Doncaster man who hanged himself outside the town’s police station did not get the help he needed after being released from prison
A Doncaster man who hanged himself outside the town’s main police station did not get the help he needed after being released from prison, an inquest heard.
Now South East Yorkshire Coroner Nicola Mundy has written to the Director General of the National Probation warning that other deaths could occur unless action is taken.
Father-of-two Todd Salter was released from prison in July, 2019, and the inquest heard that there was confusion over which organisation should have helped him find somewhere to live on his own, so he moved in with his family.
That, said Ms Mundy, had a deleterious effect on his mental health as independent living was a key element in his re-establishing contact with his daughters.
His struggles increased and, having acquired a spice habit in prison, he started taking illicit drugs.
In her Prevention of Future Deaths report, which has just been published, the coroner said: “Although Mr Salter wished to overcome his drug habit he and his family struggled to obtain the support needed from the various agencies.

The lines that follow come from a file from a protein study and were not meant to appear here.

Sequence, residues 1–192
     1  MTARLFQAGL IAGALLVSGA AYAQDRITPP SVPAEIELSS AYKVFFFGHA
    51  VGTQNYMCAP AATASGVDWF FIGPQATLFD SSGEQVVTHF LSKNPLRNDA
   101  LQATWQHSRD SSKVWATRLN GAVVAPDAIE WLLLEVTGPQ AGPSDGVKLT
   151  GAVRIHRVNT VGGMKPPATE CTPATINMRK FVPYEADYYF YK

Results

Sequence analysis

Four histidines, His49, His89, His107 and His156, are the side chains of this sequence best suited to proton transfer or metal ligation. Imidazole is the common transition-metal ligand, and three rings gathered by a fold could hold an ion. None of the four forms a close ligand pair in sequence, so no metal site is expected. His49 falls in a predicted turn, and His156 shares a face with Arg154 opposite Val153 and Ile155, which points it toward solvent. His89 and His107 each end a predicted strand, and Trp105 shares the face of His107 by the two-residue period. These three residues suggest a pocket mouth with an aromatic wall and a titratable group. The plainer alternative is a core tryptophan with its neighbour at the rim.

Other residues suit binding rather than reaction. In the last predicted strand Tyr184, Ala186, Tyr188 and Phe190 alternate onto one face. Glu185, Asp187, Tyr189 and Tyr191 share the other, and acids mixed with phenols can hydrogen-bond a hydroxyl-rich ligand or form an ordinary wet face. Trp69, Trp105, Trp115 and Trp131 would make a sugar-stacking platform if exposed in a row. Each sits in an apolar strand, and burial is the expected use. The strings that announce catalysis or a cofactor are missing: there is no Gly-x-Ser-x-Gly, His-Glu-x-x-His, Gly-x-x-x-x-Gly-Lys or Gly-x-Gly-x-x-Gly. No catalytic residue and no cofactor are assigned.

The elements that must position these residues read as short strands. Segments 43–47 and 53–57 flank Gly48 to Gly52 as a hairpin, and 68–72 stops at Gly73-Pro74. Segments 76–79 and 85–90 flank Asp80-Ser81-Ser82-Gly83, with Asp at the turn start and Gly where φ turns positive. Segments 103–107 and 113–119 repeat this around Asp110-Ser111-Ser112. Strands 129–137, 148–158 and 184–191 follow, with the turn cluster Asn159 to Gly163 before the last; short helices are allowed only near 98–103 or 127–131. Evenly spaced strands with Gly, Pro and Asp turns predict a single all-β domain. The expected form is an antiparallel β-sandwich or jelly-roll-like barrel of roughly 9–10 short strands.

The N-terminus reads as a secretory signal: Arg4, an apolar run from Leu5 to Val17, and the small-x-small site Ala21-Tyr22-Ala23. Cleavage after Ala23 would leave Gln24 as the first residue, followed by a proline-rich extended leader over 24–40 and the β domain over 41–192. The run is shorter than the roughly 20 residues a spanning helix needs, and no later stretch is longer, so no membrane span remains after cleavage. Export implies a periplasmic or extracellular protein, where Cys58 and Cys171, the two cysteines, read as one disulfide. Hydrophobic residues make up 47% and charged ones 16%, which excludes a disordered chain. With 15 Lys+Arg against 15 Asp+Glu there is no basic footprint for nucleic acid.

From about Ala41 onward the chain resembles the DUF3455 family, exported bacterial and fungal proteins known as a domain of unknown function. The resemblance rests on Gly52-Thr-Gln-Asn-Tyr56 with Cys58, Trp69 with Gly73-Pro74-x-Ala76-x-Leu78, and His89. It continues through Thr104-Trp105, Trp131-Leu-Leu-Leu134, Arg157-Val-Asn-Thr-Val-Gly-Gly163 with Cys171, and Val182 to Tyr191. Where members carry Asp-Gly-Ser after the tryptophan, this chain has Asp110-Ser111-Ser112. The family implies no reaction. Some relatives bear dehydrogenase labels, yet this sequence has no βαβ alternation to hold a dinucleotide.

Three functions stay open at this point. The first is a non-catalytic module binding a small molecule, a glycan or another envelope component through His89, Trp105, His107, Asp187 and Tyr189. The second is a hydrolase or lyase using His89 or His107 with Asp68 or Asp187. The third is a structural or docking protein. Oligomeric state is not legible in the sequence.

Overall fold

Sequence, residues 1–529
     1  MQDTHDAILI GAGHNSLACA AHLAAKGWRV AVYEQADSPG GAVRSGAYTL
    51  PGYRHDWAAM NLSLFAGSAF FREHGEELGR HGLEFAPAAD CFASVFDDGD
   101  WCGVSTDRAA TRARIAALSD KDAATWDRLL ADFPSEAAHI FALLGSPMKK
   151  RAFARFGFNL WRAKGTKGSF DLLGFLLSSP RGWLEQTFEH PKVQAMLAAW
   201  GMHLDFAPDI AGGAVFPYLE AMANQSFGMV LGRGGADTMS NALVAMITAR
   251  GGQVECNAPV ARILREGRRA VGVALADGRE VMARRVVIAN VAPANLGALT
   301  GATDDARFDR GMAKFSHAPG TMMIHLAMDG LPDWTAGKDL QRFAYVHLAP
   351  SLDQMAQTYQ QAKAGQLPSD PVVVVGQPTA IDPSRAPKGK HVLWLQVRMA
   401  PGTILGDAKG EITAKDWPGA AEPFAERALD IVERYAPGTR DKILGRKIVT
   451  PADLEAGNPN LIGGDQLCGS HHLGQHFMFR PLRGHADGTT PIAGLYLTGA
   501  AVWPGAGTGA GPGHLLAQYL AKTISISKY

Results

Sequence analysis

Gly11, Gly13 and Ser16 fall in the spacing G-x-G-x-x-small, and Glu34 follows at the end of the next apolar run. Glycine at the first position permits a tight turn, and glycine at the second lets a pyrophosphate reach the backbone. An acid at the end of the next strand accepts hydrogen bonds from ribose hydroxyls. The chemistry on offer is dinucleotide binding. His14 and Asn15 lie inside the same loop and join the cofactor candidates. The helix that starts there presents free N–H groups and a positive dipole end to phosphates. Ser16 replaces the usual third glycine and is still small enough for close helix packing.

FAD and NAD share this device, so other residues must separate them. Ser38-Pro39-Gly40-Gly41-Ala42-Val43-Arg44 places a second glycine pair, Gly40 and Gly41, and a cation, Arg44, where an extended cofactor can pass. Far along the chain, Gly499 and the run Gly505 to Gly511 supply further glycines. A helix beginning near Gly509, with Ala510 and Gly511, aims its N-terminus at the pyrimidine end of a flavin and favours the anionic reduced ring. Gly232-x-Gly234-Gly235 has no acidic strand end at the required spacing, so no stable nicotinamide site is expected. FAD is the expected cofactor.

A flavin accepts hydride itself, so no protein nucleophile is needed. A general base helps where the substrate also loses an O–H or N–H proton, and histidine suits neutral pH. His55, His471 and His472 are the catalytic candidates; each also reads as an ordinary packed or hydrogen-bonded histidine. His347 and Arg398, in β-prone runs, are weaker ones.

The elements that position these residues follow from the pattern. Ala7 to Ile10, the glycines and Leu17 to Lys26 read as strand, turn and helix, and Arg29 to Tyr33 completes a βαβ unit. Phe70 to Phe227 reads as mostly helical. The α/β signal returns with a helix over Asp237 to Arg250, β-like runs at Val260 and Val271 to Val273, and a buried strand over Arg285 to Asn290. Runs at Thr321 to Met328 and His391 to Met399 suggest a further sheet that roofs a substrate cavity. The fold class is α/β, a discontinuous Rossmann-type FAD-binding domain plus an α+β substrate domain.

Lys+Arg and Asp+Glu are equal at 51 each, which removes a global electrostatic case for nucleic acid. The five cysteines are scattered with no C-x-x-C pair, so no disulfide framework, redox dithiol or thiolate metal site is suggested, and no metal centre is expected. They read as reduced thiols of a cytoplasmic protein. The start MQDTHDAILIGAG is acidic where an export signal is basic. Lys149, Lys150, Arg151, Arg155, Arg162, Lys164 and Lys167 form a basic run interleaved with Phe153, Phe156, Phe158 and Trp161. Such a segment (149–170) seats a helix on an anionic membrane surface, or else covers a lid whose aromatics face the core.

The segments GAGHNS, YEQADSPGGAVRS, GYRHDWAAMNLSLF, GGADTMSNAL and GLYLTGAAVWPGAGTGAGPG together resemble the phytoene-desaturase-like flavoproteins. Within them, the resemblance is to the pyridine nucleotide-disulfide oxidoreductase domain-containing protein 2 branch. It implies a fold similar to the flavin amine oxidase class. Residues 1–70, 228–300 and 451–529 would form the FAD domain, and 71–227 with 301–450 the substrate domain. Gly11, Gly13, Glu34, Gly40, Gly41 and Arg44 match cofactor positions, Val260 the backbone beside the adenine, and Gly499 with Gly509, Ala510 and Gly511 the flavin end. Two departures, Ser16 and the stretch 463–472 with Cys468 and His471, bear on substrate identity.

“Of note was that the probation officer who had been assigned to Mr Salter stated in evidence that she did not know that an option available to her was to contact ASPIRE Drug and Alcohol Service for Doncaster.
“She further stated in evidence that she did not know that they could have referred Mr Salter for an assessment, could have sought advice from a consultant psychiatrist and could have liaised with mental health services together with Mr Salter’s mother.”
The officer was considering ways of having Mr Salter, aged 30, from Kirk Sandall, recalled to prison but that was not made clear to him.
On September 30 he was said to be at “crisis point” and after leaving his mother’s address, made his way to the police station. He was found hanging nearby in the early hours of the following morning.
Ms Mundy said she was concerned to learn about the poor engagement and collaboration between the probation service and other agencies and the family.
The probation officer’s lack of knowledge about the services available suggested inadequate training, she said.
She also expressed concern that Mr Salter had been “driven to desperate measures of committing criminal acts in an effort to be arrested or recalled in order to secure treatment and support.”
“This,” said the coroner, “appeared to be the way matters were moving forward without engaging with appropriate mental health services.”